"A New Day In Old Sana'a" is representative of the difficulties facing potential film makers in the Middle East. While some west asian countries have a long established film industry, notably Turkey, Lebanon, Israel, and Iran, other countries have only a handful of films to their credit.
A New Day In Old Sana'a, released in 2005 is the first film shot in Yemen. On the first day of shooting religious fundamentalists stoned the set and the film crew needed to be guarded by soldiers during the rest of the shooting. Despite this state security effort there were reports of continual difficulties faced by the film makers from the Yemeni Authorities.
Yemeni women are said to have refused to be filmed and Lebanese and British actresses took the female roles. Even so, criticism of the film has included the observation that the females are so well covered by veils that it is difficult to discern the subtleties of emotion that enable audiences to engage with the characters. The plot is about the choices a young photographer faces as he is faced with the alternatives of rebelling against his family by choosing true love, or obeying tradition and accepting the marriage his family has arranged for him. The backdrop of the intensely beautiful city of Sana'a and the respectful depiction of the very real conflicts between tradition and new ideas won the movie widespread acclaim and a special screening at Cannes.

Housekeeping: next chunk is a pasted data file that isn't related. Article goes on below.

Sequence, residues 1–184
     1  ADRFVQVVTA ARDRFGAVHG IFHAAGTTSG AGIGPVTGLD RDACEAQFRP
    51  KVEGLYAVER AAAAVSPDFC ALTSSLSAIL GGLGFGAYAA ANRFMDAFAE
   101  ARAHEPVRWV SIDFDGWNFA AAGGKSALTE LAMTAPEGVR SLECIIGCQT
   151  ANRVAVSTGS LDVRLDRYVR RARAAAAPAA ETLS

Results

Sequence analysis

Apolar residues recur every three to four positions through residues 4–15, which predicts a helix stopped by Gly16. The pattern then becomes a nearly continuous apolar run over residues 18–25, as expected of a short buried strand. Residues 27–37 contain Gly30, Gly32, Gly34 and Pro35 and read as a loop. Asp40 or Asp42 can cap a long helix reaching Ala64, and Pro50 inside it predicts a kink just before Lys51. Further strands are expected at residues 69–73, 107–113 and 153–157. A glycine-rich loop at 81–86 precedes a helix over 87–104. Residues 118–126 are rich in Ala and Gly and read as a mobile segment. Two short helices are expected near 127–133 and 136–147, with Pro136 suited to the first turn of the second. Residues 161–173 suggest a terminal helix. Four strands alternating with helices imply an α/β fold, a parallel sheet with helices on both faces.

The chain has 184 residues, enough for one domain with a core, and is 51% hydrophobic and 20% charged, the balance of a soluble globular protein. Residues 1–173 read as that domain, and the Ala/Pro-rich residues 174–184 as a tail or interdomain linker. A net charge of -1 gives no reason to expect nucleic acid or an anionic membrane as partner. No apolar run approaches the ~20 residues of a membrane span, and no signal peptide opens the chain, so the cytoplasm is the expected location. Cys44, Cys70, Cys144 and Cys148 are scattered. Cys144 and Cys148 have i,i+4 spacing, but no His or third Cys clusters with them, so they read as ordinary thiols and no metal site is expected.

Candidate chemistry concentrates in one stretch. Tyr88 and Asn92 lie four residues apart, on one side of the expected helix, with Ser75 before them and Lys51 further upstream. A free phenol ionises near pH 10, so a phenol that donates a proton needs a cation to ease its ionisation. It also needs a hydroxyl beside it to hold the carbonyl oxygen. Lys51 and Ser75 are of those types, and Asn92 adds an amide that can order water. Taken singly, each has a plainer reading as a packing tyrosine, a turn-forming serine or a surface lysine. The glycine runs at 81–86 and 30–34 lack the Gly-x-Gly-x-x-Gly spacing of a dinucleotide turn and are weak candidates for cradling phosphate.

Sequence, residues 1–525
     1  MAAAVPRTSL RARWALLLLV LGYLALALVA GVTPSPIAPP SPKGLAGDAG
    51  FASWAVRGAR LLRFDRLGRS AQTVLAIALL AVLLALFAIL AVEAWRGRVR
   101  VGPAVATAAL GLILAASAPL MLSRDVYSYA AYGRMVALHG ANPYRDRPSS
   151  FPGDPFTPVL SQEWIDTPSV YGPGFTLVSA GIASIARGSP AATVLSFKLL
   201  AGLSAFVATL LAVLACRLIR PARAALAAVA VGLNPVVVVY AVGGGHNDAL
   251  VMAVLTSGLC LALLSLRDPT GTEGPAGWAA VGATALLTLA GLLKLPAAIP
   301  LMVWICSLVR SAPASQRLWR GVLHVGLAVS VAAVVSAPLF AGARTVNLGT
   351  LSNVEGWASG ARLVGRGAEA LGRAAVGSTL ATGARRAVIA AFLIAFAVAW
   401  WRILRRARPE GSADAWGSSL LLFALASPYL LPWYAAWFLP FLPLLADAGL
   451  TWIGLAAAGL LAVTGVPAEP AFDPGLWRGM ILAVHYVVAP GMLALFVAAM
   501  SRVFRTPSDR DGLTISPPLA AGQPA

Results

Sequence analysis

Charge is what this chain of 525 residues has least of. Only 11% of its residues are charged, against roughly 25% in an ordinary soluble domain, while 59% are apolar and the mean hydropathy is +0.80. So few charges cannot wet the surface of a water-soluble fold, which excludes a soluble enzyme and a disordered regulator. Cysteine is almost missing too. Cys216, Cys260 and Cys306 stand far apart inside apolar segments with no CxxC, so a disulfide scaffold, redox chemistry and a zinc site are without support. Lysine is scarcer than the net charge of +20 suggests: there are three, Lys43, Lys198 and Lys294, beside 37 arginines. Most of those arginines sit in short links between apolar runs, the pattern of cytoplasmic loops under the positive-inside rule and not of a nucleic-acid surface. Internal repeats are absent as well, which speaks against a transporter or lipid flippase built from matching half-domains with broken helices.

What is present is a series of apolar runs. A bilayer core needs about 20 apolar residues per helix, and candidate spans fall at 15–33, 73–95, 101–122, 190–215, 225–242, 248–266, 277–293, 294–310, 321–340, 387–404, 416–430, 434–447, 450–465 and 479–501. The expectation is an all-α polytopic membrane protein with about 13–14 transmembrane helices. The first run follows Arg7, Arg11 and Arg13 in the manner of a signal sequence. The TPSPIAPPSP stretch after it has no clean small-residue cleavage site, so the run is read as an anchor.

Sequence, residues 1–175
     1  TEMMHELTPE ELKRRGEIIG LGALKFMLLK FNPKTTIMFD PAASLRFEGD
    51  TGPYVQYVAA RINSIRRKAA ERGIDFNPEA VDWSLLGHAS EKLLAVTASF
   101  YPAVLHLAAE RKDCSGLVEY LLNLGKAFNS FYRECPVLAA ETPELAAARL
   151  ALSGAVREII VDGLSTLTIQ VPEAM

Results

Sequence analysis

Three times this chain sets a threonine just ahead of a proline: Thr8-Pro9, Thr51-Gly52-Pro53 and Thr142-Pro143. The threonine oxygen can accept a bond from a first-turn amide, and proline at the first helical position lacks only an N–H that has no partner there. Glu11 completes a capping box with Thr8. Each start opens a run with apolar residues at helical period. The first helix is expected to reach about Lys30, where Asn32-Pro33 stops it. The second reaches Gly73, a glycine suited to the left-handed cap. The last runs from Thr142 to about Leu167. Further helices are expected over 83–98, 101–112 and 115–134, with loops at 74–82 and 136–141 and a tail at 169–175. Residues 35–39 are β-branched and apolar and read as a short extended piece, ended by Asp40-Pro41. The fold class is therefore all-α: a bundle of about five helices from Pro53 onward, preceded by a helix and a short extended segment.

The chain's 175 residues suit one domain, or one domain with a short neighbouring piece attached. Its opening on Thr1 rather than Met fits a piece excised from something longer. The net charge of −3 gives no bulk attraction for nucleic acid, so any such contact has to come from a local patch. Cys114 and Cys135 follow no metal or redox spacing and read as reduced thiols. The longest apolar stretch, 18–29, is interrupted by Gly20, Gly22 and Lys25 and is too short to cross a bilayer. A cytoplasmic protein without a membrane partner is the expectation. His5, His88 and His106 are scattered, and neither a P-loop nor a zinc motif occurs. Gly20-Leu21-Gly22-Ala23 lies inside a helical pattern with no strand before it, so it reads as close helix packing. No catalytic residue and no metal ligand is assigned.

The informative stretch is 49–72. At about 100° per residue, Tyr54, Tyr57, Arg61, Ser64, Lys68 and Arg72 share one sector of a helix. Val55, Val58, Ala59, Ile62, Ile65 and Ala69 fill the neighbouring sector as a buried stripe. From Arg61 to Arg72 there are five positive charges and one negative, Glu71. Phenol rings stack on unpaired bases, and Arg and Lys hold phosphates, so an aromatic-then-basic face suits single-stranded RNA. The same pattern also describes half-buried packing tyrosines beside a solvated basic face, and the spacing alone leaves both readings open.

The Yemeni Ministry Of Culture has this year announced the creation of a Film Festival for Sana'a to activate the local film industry. This announcement has been greeted enthusiastically.
Elsewhere in the Middle East dificulties remain. Cinema is banned in Saudi Arabia and the 2006 film Keif al-Hal (How are you?) was actually shot in neighboring Dubai. It was said to be shown everywhere in the Middle East except its native country.
Keif al-Hal is a comedy/drama that deals with the conflict between moderates and religious extremism. In the film this is explored among the young in the way they come to terms with the desire to embrace globalization while still respecting age old traditions.
While filmed in more liberal Dubai the values of conservative Saudi Arabia remained uppermost in the film makers minds. Ayman Halawani, head of production described the fine line that needed to be treaded: "We were very careful not to show anything offensive to Saudi society to the point we were watching the eyes of the actresses to decide if that is an appropriate look."
Saudi actress Hind Mohammed was prepared for a backlash in male dominated Saudi society for her role in the film. "I want to prove that a woman can do something despite the education we receive that she is weak and dishonourable and must never speak up," she said.
The film's Associate Producer is Haifa al-Mansur who is well aware that her activities directing male actors, her dress code and exposed hair while she made the film could well have seen her arrested back in Saudi Arabia where women are required to be covered from head to toe and strict rules about the segregation of men and women are enforced.
Mansur is no stranger to controversy. She made a documentary called Women Without Shadows in which a cleric states that it is not mandatory for a woman to cover her face. The documentary caused a sensation in conservative Saudi Arabia.
Despite the many problems she has need to face, Mansur is optimistic about the future of the arts in her native country. "I do not want to insult," she said. "Although there are many things I dislike, I can express myself in a way that society will listen and debate."